Richard B. Webb, an architect, designed the original Montauk Community Church and was a founding member when it opened in 1929. So it was fitting that almost 40 years later, when a new wing was added for offices and Sunday school classrooms, Richard Webb was the architect once again.
He had moved to Montauk in 1926 to work for the developer Carl Fisher after graduating from architecture school in Pennsylvania. He met his future wife, Emma, in Montauk, where she had a job as Fisher’s secretary. In addition to being a devoted member of the Community Church, Mr. Webb was involved in many local organizations, also helping to establish the Montauk Library and applying his architectural talents to such projects as the Montauk Medical Center and East Hampton Town Hall as well as many private homes.
Howard Friend was only 25 years old in 1965 when he arrived in Montauk from his home in Philadelphia, having graduated from Princeton Theological Seminary. His wife, Betsy, was pregnant with their first child. By chance he had heard of a job opening at the Montauk Community Church, whose search committee warned him, “’If Richard Webb likes you, you’re in. If he doesn’t, you’re out.’”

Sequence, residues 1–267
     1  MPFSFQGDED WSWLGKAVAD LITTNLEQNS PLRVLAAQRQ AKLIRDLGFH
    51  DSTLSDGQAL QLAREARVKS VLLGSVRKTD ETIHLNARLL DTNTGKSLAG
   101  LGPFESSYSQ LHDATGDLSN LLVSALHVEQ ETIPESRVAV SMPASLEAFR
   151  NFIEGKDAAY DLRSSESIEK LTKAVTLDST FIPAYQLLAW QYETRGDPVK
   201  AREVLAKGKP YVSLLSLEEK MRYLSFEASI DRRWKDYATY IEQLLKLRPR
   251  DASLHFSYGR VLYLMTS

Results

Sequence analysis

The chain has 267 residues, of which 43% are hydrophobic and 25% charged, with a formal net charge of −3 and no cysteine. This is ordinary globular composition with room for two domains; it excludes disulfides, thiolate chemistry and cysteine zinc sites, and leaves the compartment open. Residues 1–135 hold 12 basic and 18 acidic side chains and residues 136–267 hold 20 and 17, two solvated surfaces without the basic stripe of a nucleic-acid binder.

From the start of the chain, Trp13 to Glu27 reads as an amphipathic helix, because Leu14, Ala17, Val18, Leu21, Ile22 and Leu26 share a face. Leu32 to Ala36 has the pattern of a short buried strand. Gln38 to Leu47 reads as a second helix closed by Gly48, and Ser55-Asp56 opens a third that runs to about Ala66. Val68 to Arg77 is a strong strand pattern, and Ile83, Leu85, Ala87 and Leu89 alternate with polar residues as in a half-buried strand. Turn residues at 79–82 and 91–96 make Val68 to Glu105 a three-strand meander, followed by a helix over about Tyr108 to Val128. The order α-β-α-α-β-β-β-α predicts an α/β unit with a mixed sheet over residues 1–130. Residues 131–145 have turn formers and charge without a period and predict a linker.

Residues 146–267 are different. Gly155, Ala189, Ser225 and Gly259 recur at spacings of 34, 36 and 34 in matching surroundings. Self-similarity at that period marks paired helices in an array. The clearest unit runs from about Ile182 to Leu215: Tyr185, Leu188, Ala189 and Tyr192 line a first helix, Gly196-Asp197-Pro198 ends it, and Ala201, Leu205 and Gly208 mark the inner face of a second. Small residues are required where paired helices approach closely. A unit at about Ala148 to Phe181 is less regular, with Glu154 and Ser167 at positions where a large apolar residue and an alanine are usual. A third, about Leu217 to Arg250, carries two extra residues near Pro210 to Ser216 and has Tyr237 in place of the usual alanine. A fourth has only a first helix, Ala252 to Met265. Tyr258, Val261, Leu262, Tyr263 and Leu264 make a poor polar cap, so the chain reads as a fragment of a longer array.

“’So at a forthcoming church dinner, I sat Betsy next to Mr. Webb, and told her to charm him,’” the reverend recounted in a 2015 interview in the East Hampton Press. “’It must have worked, because he hired me soon after.’”
Much as he liked Montauk, Montaukers and the ocean view from the recently completed manse (designed, of course, by Richard Webb), Reverend Friend only stayed in town until 1970, when he and his growing family returned to Pennsylvania so that he could attend graduate school. In only five years, however, he and Betsy had founded a vibrant youth group and nursery school and made many friends, and the reverend had learned how to surf. They continued to visit Montauk in the summer for years, and Reverend Friend gave a sermon at the Community Church in 2015 on the 50-year anniversary of his first time preaching there.
Richard B. Webb had died by then, in 1988 and just two days before what would have been his 86th birthday. His funeral service was held – of course – at the Community Church, where he had served over 60 years as “an elder, clerk of session, deacon, stewardship chairman, Sunday school superintendent and teacher, and on several other committees,” his obituary said. His ashes were laid to rest at Fort Hill Cemetery, on whose advisory board he had served — and Reverend Friend was an officiant at his funeral.
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